ENGLEWOOD — Crushers Club, an Englewood nonprofit awarded $200,000 from Jay Z’s Roc Nation and the NFL as part of their “Inspire Change” social justice initiative, is under fire after controversial tweets from the group’s founder surfaced on social media.
The organization, which teaches kids discipline and respect through boxing, was one of two local groups recognized by the NFL and Roc Nation Thursday. Lawndale-based Better Boys Foundation also received a $200,000 grant.
After the grants were announced, old social media posts showing Crushers Club founder Sally Hazelgrove cutting off a young man’s dreadlocks were highlighted by an anonymous Twitter account called Resist Programming. The account went on to highlight other troubling tweets from the group’s founder.
“And another Crusher let me cut his dreads off! It’s symbolic of change and their desire for a better life,” the Crushers tweet read. It was accompanied by a photo of Hazelgrove cutting the boxer’s hair.
Several national media outlets — including TMZ and The Fader — picked up on the story, and flagged other tweets, including an “All Lives Matter” post. Critics questioned why the group was getting NFL grant money.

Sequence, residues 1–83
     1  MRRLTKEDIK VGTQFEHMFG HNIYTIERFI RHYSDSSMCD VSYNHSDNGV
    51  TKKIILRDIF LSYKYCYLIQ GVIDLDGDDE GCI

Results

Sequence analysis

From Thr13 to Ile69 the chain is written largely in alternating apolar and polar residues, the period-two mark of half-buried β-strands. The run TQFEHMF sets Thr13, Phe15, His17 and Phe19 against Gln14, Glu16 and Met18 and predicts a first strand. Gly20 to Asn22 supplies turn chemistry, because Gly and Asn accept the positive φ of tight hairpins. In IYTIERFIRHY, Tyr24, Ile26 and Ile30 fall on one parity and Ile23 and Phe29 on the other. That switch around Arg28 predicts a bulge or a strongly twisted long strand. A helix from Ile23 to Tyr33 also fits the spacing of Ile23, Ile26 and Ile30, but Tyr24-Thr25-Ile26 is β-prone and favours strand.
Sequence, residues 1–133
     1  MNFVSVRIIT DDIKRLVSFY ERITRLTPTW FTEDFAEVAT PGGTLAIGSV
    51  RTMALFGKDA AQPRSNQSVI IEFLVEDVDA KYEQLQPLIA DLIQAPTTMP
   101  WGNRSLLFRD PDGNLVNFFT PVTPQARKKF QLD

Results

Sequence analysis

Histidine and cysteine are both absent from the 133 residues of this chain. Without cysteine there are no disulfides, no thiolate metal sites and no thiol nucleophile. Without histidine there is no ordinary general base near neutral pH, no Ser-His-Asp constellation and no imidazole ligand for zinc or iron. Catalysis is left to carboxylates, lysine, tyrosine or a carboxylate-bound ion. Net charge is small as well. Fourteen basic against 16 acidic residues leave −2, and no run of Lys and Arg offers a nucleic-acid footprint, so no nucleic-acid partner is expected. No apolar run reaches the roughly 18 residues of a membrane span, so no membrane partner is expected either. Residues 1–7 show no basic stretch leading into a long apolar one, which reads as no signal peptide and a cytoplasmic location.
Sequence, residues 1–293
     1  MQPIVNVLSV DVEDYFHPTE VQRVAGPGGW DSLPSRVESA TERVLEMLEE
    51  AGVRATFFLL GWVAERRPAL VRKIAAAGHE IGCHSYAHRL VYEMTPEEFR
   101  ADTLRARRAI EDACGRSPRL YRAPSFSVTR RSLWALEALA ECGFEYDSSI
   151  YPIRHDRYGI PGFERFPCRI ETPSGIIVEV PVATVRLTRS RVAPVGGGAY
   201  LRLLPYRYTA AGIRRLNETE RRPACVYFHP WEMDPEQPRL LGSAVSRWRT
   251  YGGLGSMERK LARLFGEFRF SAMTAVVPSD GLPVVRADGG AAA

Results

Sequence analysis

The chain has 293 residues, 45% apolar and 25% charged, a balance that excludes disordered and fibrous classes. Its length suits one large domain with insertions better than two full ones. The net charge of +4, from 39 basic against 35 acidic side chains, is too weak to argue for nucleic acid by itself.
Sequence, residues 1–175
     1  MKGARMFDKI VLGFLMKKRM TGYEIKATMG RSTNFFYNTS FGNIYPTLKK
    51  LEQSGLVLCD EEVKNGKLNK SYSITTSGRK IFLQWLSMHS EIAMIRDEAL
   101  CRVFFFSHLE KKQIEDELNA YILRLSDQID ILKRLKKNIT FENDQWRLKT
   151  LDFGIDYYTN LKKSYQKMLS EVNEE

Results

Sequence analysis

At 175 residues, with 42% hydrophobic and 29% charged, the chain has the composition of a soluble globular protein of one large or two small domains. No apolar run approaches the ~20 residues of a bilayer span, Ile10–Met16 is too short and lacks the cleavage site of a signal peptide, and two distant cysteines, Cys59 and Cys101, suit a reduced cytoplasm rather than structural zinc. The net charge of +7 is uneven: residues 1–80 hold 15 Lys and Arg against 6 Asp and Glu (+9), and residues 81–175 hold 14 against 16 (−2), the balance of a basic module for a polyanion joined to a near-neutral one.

As of noon Friday, most of the controversial tweets — including several pro-Trump posts — had been deleted from the account. Some also took issue with Hazelgrove’s pro-police stance, and saying they found Jay Z’s support of her organization concerning.
Hazelgrove released a statement to The Fader Thursday night, disputing the claim that she has an issue with dreadlocks and saying that all hairstyles are welcome at Crushers Club. She said the young man in the tweet named Kobe wanted his hair cut. Crushers later posted a video of the man backing that up, saying he wanted the cut three years ago.
“That’s something I wanted to do because I was tired of it,” he said in the short video. “Tired of gangbanging, tired of messing up. Now, I’m a changed young man.”
Still, the optics were troubling to some, like R.A.G.E Englewood Founder Aysha Butler.
“I’m not knocking her work or her intent but you have to employ some cultural sensitivity when engaging our community,” said Butler, who has been following the controversy since it began.
“It’s a matter of listening to people when they tell you that you’ve messed up, and doing better, not pushing back. Optics matter,” she added.
Hazelgrove could not be reached for comment.
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